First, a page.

This is a blog post I’ve been meaning to write for while, but I haven’t known how. We read this book for our Veterans Giving Circle, and it was eye opening, appalling, heart-breaking, and over whelming all at the same time.
While I’ll talk about what I took away from the book, I encourage you to pick it up and read for yourself. You’ll discover a deeper appreciation for just how hard it is to be a veteran in this country.
The War Comes Homes
Aaron Glantz documents the systematic and pervasive neglect of America’s veterans by its politicians. When my husband joined the army, it was exactly the type of stuff in this book that I was afraid would happen to us. While we’ve been fortunate, the author shares intimate stories of those who were not and have been profoundly affected by the government’s actions or in-actions.
Veterans are Inconvenient
The drum beat for war is loud, patriotic, and infectious. Young men volunteer to serve and defend their country. The country rallies (in many cases) to support them and their country. There is glory in victories for all the share.
But what happens when the war is over? What happens when the veteran’s come home? What happens when the public is tired of hearing about it and tired of the sacrifices? What happens when politicians are given free reign to short change veterans for other more politically expedient projects?
Veterans Cost Money
Duh! But here in lies the problem. Politicians hide the true cost of a war to encourage the country to support it. So, when they’ve underestimated the costs of caring for veterans before the war, they don’t have the money during and after to take care of them properly. 600 billion was approved at the start of the Iraq and Afghanistan wars, yet a Nobel prize winning economist estimated that the VA can expect 700,000 new patients and disability claims with a projected cost of $682 billion alone!
This is nothing new, and Glantz shows us how throughout American history, our politicians have avoided paying for our veterans. For example, after WW1, tens of thousands of veteran’s camped on the National Mall in Washington to get their promised bonuses. But we’ll focus on today, because that’s having real consequences for people right now.
In January 2005, Bush’s Undersecretary of Defense for Personnel and Readiness David Chu told the Wall St Journal that veteran’s military care and disability benefits “are hurtful” and “are taking away from the nation’s ability to defend itself.” Not surprisingly then, the Government Accountability Office in 2007 found that “46% of the Army’s returning service members who were eligible to be assigned to a medical unit had not been assigned due in part to staffing shortages.”
Throughout the book, Glantz discusses injustice after injustice- benefits denied due to forced personality discharges and dishonorable discharges due to PTSD related symptoms, under-diagnosis, denied legitimate claims, and on and on.
Glantz never fails to put a human face on the consequences of this neglect. He shares the story of a young man who was found dead in his VA hospital room after being unconscious and unmonitored for days and the young man who committed suicide after being turned away from the VA hospital because there was no mental health professional available to talk to him.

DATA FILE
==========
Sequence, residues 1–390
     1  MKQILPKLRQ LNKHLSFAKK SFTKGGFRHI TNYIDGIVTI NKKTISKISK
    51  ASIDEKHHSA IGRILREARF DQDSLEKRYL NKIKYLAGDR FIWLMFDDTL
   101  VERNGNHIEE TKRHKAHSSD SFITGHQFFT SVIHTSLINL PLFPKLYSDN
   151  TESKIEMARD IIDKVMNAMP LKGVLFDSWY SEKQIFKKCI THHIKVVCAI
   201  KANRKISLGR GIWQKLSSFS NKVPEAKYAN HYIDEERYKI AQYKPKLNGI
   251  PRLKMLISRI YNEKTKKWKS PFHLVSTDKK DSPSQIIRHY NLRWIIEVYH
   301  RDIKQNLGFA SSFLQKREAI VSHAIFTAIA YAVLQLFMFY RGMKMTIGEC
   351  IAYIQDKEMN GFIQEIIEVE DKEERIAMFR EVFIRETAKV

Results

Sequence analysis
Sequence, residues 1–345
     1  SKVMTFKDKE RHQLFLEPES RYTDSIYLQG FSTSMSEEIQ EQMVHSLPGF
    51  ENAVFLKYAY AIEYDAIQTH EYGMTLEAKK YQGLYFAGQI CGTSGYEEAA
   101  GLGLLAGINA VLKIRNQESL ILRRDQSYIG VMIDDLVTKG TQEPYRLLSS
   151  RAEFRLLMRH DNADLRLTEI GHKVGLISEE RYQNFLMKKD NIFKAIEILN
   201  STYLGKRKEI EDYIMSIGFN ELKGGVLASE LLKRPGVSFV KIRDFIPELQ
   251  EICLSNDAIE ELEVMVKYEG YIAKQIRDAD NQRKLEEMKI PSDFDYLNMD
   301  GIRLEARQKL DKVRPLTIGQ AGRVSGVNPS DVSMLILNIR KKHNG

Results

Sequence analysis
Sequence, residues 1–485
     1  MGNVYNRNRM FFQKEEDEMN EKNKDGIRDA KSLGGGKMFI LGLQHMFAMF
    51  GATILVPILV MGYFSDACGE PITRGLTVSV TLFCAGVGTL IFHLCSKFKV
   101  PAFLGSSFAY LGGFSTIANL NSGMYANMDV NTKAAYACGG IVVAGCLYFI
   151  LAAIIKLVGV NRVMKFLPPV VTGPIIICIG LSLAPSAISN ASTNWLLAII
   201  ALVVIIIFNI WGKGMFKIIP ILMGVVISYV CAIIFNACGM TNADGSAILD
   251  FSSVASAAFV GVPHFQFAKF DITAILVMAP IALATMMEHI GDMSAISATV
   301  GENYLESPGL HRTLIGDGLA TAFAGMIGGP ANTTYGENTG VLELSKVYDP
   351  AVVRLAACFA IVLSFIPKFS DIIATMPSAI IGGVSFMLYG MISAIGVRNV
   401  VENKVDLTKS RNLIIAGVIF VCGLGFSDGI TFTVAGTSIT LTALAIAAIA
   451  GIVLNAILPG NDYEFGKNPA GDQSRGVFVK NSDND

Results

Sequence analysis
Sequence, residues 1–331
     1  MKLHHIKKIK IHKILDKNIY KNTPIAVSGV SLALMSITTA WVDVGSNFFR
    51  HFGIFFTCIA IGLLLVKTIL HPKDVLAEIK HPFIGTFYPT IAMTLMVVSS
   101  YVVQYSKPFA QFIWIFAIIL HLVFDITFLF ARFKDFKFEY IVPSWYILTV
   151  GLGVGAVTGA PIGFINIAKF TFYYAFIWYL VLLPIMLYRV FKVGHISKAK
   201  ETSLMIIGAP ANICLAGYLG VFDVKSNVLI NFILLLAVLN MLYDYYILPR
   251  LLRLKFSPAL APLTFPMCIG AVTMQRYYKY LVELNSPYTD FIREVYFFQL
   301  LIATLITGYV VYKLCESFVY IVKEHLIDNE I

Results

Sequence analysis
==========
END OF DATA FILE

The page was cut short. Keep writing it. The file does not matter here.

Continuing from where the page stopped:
Charities Have Helped, But…
Since the government has massively failed to take care of its veterans, charities have filled a crucial need. These charities do everything from provide medical care, psychological services, financial help for unexpected expenses, and home remodeling to retrofit homes for disabled veterans. It’s amazing and heart warming to witness how America has stepped up to support our veterans.
However, it does not relieve our government of their responsibility. They created our veterans. They must care for them. They must fulfill the promises they made. Our veterans should not need to beg and scrounge for help.
Nor can private organizations meet the demand, and many veterans will not get the help they need and are entitled to without a fully funded and accountable public system. Until that happens, veterans will continue to fall through the cracks, commit suicide, receive substandard medical care, and struggle with adjusting to civilian life.
Take Action! Hold Our Elected Officials Accountable
Veterans make up a diverse electorate. They span all ages. They are from the country and from the cities. They are Republican and Democrats. Because of their diversity as a group, they do not speak with a single, organized voice, and this has caused them to be less effective as lobbyists for veteran’s rights.
But those who’ve put their lives on the line so that we can enjoy freedom and prosperity deserve our real support– not lip-service. We must stand with them and hold our politicians accountable. Call your congressmen and demand they keep their promises to veterans. Demand full funding for veterans and active duty members physical and mental health programs.
You can do more by supporting a local veteran’s group, a veteran’s organization engaging in political lobbying, or a charity providing important services and support to veterans.